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As far as colour temperature accuracy is concerned, the Anova Pro at 5600K gave me a kelvin reading of 5523K and a ⊿uv (the value to show how much this light is away from being an ideal light source) of -0.0027. At 3200K it recorded 3185K and a ⊿uv of -0.0017. These are excellent results and give you peace of mind that when you set the light at a certain colour temperature, that’s the colour temperature you’re actually going to get.

After testing the output and colour temperature accuracy I then wanted to test the Anova Pro for colour accuracy. Below you can see the results for the light at 3200K.

Rotolight Anova Pro colour rendering at 3200K
Rotolight Anova Pro colour rendering at 3200K

At 3200K the light recorded an average CRI (R1-R8) of 89.66 and a extended CRI (R1-R15) of 92.09. As far as replicating accurate skin tones the Anova Pro recorded 76.4 for R9 (red), 95 for R13 (closest to caucasian skin tones), and 94.3 for R15 (closest to Asian skin tones). The score for R9 was a little lower than I would have expected, but the overall results for proper skin tone reproduction were pretty good. Where the light did struggle was replicating the colour blue (R12), where it recorded a score of just 66.8. A score in the 60% range would mean in theory that you would need to colour correct anything in your scene that was blue in post to replicate it correctly. Below, you can see the difference if we compare the Spectral Distribution charts between the Anova Pro and a Litepanels Bi-Colour Soft 1×1.

The spectral response  results comparing the Litepanels Bi-color Soft 1x1 on the leftt, and the Rotolight Anova Pro on the right.
The spectral response results comparing the Litepanels Bi-color Soft 1×1 on the leftt, and the Rotolight Anova Pro on the right.
The Anova Pro on the left and the Litepanels Astra Soft on the right.
The Anova Pro on the left and the Litepanels Astra Soft on the right.

I wanted to see if these results for R12 (blue) actually did make any real world difference. Above you can see a colour checker card that was lit at 5600k by both the Litepanels Astra Bi-color Soft 1×1 and the Anova Pro. As you can see, despite the far lower score for R12, the Anova Pro still manages to replicate blue colours well. There is very little real world difference between the Litepanels and the Rotolight.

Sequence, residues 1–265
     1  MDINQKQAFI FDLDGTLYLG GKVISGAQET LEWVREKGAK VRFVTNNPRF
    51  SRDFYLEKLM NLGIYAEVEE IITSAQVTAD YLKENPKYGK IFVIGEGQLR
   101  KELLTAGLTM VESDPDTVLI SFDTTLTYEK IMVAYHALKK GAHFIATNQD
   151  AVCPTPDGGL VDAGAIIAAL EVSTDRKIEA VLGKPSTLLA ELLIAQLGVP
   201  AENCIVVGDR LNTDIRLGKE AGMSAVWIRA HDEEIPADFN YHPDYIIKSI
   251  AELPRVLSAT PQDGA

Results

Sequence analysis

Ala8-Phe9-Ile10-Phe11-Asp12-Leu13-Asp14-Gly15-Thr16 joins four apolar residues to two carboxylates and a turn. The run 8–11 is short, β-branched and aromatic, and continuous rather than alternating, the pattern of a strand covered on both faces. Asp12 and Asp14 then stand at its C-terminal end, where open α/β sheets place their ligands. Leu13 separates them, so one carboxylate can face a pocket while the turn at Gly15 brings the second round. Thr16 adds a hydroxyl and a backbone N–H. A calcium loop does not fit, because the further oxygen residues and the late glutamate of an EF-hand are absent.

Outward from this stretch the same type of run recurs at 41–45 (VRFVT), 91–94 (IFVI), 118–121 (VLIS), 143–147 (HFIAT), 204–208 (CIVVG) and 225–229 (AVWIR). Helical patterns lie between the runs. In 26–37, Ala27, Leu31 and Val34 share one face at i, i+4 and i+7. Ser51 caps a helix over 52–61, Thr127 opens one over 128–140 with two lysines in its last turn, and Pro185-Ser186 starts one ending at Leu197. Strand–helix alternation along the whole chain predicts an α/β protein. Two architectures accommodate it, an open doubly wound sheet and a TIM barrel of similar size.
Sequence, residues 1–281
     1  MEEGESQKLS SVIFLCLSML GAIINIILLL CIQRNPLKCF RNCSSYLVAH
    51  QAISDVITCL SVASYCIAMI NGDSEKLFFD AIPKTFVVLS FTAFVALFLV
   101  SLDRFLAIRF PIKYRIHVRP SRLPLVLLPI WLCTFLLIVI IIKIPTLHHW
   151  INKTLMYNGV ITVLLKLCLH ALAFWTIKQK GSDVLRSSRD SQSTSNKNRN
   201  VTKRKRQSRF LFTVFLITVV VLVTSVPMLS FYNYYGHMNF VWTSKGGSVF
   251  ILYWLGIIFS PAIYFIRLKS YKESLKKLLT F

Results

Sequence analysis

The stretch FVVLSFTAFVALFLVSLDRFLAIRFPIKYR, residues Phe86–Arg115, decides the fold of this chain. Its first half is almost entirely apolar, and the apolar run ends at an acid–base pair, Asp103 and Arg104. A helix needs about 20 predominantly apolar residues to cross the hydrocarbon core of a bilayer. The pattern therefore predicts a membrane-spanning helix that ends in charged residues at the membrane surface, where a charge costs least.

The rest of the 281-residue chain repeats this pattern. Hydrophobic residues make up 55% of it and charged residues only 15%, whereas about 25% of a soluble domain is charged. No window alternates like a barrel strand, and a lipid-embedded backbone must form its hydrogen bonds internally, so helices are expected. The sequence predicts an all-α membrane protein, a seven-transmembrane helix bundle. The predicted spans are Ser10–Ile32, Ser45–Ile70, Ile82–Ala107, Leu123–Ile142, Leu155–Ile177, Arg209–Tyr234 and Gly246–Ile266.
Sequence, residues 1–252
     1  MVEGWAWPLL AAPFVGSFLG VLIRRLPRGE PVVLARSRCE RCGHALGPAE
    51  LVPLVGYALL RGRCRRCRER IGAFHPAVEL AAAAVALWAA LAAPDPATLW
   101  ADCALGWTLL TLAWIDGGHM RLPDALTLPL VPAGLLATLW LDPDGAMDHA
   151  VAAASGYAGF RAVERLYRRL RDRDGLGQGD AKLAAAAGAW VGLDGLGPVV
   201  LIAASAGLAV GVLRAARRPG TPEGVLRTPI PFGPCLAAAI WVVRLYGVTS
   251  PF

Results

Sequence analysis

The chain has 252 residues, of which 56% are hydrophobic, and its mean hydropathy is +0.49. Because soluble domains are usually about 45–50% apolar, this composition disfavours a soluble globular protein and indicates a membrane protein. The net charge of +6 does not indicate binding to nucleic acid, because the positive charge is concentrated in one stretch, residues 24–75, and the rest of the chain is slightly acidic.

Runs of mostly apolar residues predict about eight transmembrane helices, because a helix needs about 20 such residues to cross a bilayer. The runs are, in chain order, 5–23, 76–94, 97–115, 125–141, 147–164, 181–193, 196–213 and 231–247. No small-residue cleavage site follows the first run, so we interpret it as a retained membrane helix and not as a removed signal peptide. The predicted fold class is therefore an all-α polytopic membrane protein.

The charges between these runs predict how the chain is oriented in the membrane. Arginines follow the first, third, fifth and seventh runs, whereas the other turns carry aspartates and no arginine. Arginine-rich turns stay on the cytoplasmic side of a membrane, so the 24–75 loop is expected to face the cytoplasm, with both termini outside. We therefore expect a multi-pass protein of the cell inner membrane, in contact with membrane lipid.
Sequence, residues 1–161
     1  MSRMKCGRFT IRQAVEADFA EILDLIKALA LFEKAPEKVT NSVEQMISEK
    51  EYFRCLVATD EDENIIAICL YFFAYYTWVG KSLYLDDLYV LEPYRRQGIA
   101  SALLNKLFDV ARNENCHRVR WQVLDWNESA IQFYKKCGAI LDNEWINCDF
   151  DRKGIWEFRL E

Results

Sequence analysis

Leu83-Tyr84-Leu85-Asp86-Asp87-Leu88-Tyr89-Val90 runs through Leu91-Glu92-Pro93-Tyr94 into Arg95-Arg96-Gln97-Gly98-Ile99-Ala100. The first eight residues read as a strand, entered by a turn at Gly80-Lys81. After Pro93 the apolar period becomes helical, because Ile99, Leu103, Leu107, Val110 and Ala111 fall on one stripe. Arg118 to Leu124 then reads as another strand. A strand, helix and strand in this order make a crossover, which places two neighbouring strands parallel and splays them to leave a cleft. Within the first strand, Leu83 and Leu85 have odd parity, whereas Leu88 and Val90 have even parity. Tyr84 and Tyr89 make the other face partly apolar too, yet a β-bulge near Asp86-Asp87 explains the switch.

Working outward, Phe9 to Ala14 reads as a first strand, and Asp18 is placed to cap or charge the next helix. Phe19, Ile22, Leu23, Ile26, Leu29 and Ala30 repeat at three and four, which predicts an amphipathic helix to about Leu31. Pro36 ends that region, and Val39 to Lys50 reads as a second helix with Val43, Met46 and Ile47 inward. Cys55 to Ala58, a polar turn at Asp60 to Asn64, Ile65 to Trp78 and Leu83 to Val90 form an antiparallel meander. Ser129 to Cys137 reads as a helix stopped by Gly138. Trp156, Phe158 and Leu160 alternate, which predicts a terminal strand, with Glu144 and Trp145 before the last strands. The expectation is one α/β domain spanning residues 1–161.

The Rotolight Anova Pro tested at 5600K.
The Rotolight Anova Pro tested at 5600K.

When I tested the light at 5600K the scores improved over those at 3200K. At 5600K it had a average CRI (R1-R8) of 94.7, and a extended CRI (R1-R15) of 92.09. For replicating accurate skin tones it recorded 97.7 for R9 (red), 98.4 for R13 (closest to caucasian skin tones), and 95.7 for R15 (closest to Asian skin tones). These were excellent results, but again, the light seems to have a problem with R12 (blue), scoring just 61.8. To be fair to Rotolight, the KinoFlo Diva Lite 2000 also struggles with R12 (blue), recording just 72.6.

Below you can see a head to head comparison of colour accuracy between the Rotolight Anova Pro, Litepanels Bi-Color Soft 1×1 and the Kinoflo Diva Lite 200, which will be available in October this year.

3200K
Rotolight Anova Pro Bi-colour 50 degree

Average CRI (R1-R8)- 93
Extended CRI (R1-R15)- 89.66
R9 (red)- 76.4
R13- (closest to caucasian skin tones)- 95
R15- (closest to asian skin tones))- 94.3

Litepanels Bi-Color Soft 1×1
CRI (R1-R8)- 98.6
Extended CRI (R1-R15)- 97.32
R9- (red)- 95.5
R13- (closest to caucasian skin)- 99.5
R15- (closest to asian skin tones)- 98.4

KinoFlo Diva Lite 200
CRI (R1-R8)- 96.8
Extended CRI (R1-R15)- 95.22
R9- (red)- 91.6
R13- (closest to caucasian skin)- 96.1
R15- (closest to asian skin tones)- 98.5

5600K
Rotolight Anova Pro Bi-colour 50 degree

Average CRI (R1-R8)- 94.7
Extended CRI (R1-R15)- 92.09
R9 (red)- 97.9
R13- (closest to caucasian skin tones)- 98.4
R15- (closest to asian skin tones))- 95.7

Litepanels Bi-Color Soft 1×1
CRI (R1-R8)- 94.7
Extended CRI (R1-R15)- 92.51
R9 (red)- 86.9
R13 (closest to caucasian skin)- 95.8
R15 (closest to asian skin tones)- 95.8

KinoFlo Diva Lite 200
CRI (R1-R8)- 96.1
Extended CRI (R1-R15)-93.09
R9- (red)- 89.7
R13- (closest to caucasian skin)- 94.7
R15- (closest to asian skin tones)- 92.6

If you look at the data from the head-to-head comparisons, the Rotolight performs extremely well at 5600K when it comes to reproducing accurate skin tones, despite its overall colour reproduction numbers being slightly lower. Any numbers over 90+ are truly excellent and you would be hard-pressed to tell the difference between any light that has average scores in the 90s.